Delta is inferior to Hudi in terms of data merging, and inferior to Iceberg in terms of query performance. Does it mean that Delta is useless? actually not. One of the major advantages of Delta is its ability to integrate with Spark (although it is still not perfect at present, it will be much better after Spark-3.0), especially its stream-batch integrated design, with multi-hop data pipeline, can support analysis, Various scenarios such as machine learning and CDC. Flexible use and complete scene support are its biggest advantages compared to Hudi and Iceberg. In addition, Delta claims to be an improved version of the Lambda architecture and Kappa architecture, and there is no need to care about streaming batches or architecture. At this point, Hudi and Iceberg are beyond their ability.


From the above analysis, it can be seen that the original intention scenarios of the three engines are not exactly the same. For the incremental upserts of Hudi, Iceberg is positioned for high-performance analysis and reliable data management, and Delta is positioned for data processing that integrates streaming and batching.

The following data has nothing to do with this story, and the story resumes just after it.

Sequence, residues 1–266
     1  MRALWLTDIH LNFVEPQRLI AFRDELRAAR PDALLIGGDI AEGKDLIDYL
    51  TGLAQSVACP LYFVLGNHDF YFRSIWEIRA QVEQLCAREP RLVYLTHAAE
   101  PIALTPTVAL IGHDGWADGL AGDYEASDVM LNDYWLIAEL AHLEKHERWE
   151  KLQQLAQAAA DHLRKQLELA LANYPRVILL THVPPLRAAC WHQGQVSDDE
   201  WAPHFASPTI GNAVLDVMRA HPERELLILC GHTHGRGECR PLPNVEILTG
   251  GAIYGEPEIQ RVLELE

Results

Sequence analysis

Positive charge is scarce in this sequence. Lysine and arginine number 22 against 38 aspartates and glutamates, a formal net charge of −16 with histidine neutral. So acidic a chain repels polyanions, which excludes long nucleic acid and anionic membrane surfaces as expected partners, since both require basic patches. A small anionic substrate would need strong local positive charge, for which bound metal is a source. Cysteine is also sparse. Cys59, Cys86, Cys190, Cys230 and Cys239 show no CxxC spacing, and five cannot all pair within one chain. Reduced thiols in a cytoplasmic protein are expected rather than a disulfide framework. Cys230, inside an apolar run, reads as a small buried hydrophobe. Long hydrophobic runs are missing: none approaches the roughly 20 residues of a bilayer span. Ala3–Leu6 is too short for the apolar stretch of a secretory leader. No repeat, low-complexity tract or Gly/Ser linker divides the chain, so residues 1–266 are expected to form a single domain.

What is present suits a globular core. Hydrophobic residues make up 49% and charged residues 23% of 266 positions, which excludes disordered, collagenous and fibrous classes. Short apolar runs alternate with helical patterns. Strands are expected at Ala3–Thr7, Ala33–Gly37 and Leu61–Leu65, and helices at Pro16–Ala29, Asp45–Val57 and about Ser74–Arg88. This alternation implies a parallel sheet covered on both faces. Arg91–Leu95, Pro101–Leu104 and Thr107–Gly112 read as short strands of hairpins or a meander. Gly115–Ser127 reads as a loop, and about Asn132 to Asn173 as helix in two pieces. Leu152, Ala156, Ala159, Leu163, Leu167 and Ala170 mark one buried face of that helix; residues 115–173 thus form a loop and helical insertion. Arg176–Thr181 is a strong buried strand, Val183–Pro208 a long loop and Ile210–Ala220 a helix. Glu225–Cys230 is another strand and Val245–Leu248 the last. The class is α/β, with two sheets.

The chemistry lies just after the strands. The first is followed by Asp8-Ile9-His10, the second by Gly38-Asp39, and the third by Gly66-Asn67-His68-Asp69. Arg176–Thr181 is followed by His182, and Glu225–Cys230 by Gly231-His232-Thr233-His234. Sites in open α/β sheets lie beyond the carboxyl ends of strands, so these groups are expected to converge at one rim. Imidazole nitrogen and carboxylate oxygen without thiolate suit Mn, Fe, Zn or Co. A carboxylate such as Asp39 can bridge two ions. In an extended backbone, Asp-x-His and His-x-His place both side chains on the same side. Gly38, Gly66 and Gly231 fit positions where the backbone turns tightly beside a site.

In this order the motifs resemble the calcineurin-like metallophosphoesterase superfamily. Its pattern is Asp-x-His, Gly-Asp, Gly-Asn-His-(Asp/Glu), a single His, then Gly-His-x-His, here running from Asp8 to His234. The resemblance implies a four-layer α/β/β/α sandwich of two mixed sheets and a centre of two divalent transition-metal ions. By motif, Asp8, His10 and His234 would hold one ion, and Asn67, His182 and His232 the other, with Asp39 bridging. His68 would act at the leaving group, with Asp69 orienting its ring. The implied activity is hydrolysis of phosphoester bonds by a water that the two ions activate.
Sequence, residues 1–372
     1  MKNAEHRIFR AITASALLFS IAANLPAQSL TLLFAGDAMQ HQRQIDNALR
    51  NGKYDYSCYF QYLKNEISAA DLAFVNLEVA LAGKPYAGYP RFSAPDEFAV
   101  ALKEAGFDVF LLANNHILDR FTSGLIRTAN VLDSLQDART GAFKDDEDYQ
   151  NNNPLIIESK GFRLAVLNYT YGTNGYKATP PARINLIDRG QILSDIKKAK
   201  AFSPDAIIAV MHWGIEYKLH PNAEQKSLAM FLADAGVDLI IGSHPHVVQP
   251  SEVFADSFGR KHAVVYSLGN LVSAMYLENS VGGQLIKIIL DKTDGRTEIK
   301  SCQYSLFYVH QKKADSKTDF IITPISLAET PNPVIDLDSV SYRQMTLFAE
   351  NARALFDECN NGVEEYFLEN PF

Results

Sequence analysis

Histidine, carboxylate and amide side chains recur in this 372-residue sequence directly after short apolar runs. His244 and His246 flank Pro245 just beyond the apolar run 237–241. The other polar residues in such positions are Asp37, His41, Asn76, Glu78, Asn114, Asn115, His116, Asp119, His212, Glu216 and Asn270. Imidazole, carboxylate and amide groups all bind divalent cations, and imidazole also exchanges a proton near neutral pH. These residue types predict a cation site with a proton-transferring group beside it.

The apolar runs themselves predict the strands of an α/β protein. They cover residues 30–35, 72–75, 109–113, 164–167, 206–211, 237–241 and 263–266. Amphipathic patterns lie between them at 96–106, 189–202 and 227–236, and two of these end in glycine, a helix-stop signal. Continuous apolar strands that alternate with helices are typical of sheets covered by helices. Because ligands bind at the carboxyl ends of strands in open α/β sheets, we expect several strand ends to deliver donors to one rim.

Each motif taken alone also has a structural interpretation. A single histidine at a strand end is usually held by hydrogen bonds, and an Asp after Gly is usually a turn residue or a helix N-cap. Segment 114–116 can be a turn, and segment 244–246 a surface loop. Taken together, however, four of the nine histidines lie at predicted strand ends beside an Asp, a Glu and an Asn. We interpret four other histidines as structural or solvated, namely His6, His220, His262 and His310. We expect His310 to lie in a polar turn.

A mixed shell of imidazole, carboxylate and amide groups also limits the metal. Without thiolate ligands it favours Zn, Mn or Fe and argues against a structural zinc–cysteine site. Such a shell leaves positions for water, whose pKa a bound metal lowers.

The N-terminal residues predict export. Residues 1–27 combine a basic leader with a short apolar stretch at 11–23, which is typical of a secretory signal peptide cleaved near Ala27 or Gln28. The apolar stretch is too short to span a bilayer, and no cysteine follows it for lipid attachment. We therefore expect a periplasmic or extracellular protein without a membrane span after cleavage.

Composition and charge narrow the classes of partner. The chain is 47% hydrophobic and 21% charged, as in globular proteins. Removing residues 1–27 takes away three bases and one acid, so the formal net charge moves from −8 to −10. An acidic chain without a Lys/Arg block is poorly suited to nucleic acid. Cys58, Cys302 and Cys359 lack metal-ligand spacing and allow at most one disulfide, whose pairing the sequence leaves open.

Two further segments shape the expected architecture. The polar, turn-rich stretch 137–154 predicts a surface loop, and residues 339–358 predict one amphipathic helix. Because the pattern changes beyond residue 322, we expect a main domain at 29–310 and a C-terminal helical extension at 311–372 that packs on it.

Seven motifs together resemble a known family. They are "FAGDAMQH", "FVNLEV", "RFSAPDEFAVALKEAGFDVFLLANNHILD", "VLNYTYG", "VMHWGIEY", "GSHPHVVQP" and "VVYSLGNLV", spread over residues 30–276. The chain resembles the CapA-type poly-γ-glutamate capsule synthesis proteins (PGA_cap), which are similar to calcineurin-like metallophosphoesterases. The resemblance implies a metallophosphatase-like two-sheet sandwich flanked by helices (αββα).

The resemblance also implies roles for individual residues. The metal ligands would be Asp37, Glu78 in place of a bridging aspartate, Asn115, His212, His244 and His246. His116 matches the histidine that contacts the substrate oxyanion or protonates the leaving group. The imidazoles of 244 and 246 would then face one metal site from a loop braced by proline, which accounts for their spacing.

The difference of this kind of scene also caused the difference in the design of the three. Especially Hudi, its design is more distinct than the other two. With the development of time, the three are constantly filling up their missing abilities, and may converge with each other in the future and invade each other's territory. Of course, it is also possible to pay attention to the scene of their own expertise and build their own barriers to advantage. Therefore, it is still unknown who will win and who will lose in the end.

Source: Some content may be referred from Internet. Few concepts may be outdated due to individual software latest releases and updates.